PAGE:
Proportionate Force for Defending your Property

Discussion in 'Self Defence' started by Moosey, Sep 17, 2009.

  1. Moosey

    Moosey invariably, a moose Supporter

    I was wondering: British law allows one to use a reasonable level of force in defence of one's property. But isn't this much harder to benchmark than in cases of defence of your person?

    What is a reasonable amount of force to use if you find someone trying to saw the chain off your bicyle or climb in through your window?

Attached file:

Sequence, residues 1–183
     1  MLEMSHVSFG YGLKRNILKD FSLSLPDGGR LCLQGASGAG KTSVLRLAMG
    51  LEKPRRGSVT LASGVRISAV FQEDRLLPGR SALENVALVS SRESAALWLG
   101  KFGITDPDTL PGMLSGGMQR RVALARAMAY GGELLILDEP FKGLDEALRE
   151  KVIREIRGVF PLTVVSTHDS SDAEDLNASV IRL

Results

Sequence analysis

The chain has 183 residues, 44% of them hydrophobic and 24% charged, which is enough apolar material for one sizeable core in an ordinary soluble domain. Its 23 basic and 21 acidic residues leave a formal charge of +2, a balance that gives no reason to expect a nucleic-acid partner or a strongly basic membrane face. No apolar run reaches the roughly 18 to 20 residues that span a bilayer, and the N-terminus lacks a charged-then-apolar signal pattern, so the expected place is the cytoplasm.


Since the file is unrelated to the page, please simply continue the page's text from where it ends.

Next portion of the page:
It's tempting to say "kick the dung out of them", but what is the goal for which the force should be proportional? To affect a citizen's arrest? To discourage them from the crime in progress?
  2. Yossarian

    Yossarian Valued Member

    You can use a fair bit of force if someone breaks into your house, about the same if they attacked you. You can definately use reasonable force to protect your property, in English and Scottish law this is what an average person would consider to be reasonable.
  3. John Titchen

    John Titchen Still Learning Supporter


    They are committing a crime. You are thus entitled to arrest them. Should they resist arrest you are entitled to use force to defend yourself. The normal criteria for reasonable force are that it be
    a. necessary
    b. proportionate to the amount of harm believed to be inflicted (or attempted).